Economic growth and openness in Africa: What is the empirical relationship?
AbstractThis study examines the effects of trade policies on economic growth in Africa. The econometric methodology follows the cross-country studies by Barro (1991) and Kandiero and Chitiga (2003) with empirical application to a panel of 36 African countries observed over the period 1980 to 2009. Panel regressions are carried out using the fixed-effects models. The aim is to provide an empirical evidence for the driving force of Africa's economic growth. The results illustrate that openness in trade and investment is positively related to economic growth significantly. However, foreign aid, gross national savings and investment have negative relationships to both Gross Domestic Product (GDP) growth and GDP. Using South Africa as benchmark, the regional performance indicates that North Africa is the best one in generating positive GDP growth from Foreign Direct Investment (FDI), followed by Middle Africa whilst East Africa and West Africa compete for the third and fourth positions.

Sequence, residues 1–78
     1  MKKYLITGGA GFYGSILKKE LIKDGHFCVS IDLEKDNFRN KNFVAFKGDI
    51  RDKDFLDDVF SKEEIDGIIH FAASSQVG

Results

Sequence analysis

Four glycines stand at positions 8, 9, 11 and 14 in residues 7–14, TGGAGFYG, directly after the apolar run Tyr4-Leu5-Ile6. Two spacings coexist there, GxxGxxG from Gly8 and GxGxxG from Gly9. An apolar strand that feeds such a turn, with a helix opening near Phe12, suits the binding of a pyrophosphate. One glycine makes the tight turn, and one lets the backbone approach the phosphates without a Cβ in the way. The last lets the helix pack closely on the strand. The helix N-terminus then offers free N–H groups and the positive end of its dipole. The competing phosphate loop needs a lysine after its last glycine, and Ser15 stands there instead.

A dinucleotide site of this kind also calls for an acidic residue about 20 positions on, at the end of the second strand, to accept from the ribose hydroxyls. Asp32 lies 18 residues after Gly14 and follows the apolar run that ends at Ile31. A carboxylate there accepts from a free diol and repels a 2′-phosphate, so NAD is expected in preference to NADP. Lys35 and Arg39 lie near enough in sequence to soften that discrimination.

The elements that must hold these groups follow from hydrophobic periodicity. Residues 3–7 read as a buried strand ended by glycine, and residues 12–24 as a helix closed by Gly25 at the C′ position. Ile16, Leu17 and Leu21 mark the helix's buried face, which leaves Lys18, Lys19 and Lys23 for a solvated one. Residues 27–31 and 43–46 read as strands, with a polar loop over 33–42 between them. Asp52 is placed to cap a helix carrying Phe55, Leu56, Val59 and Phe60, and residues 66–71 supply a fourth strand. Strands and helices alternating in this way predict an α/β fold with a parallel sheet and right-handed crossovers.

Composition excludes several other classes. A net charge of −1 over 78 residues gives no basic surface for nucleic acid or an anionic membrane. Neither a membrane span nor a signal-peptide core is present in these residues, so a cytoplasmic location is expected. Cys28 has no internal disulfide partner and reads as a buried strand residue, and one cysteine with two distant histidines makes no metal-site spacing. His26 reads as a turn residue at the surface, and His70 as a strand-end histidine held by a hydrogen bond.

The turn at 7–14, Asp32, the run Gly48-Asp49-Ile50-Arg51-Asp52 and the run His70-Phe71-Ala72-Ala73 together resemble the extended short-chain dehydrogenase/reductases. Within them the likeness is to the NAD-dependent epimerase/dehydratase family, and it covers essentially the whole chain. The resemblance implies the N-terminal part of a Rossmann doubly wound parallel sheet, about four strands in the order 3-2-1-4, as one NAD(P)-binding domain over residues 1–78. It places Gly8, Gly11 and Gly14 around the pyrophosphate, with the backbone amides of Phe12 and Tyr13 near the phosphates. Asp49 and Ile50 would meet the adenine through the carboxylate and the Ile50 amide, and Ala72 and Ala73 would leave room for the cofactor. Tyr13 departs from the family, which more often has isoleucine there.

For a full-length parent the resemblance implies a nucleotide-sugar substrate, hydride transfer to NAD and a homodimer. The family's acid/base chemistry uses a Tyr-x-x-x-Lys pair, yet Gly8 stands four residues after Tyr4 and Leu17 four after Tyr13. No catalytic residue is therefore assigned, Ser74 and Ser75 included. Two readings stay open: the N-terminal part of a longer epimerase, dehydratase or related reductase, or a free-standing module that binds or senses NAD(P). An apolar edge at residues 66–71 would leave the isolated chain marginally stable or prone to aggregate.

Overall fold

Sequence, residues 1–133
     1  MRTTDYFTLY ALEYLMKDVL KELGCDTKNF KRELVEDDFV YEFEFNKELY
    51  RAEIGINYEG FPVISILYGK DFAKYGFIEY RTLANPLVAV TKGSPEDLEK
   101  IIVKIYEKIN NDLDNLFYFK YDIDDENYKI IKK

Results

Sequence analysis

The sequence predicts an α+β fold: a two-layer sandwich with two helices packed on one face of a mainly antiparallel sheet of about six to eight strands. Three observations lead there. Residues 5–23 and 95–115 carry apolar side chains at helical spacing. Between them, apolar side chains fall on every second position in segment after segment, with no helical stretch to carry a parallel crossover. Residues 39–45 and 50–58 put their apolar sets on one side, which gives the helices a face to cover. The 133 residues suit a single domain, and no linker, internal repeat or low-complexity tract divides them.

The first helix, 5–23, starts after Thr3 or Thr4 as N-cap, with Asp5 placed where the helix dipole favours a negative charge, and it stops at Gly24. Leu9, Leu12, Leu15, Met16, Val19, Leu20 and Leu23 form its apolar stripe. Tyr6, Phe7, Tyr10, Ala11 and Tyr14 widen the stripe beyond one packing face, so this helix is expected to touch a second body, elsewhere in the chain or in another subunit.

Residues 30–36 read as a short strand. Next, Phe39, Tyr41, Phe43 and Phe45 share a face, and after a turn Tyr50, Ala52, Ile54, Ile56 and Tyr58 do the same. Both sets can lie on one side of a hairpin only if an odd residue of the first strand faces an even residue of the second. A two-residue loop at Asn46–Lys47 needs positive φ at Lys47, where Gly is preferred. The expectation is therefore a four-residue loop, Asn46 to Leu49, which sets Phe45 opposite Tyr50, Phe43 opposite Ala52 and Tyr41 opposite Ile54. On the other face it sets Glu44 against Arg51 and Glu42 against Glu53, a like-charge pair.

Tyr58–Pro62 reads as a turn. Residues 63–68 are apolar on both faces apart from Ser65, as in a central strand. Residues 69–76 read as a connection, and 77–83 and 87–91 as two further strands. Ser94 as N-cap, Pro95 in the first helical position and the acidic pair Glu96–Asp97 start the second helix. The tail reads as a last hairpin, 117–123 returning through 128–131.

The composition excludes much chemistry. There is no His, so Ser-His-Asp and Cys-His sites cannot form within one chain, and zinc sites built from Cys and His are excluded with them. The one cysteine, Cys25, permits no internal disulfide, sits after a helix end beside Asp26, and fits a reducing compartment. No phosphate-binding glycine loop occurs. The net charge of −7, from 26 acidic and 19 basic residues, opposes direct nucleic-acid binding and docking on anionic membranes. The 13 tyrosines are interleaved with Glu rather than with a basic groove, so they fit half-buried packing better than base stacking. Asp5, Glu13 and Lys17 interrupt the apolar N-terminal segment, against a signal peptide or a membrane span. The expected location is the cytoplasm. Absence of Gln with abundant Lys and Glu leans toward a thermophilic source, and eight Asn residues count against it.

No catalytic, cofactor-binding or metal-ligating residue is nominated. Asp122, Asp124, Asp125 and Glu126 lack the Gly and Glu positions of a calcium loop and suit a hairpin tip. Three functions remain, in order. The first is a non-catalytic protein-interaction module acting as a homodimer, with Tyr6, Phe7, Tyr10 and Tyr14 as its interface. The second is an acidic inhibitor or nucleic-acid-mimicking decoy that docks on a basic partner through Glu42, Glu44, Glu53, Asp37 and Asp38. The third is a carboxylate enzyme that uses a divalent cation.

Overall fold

Download InfoIf you experience problems downloading a file, check if you have the proper application to view it first. In case of further problems read the IDEAS help page. Note that these files are not on the IDEAS site. Please be patient as the files may be large.
As the access to this document is restricted, you may want to look for a different version under "Related research" (further below) or search for a different version of it.
Bibliographic InfoArticle provided by Taylor & Francis Journals in its journal Applied Economics Letters.
Volume (Year): 19 (2012)
Issue (Month): 18 (December)
Contact details of provider:
Web page: http://www.tandfonline.com/RAEL20
You can help add them by filling out this form.
For technical questions regarding this item, or to correct its authors, title, abstract, bibliographic or download information, contact: (Michael McNulty).
If references are entirely missing, you can add them using this form.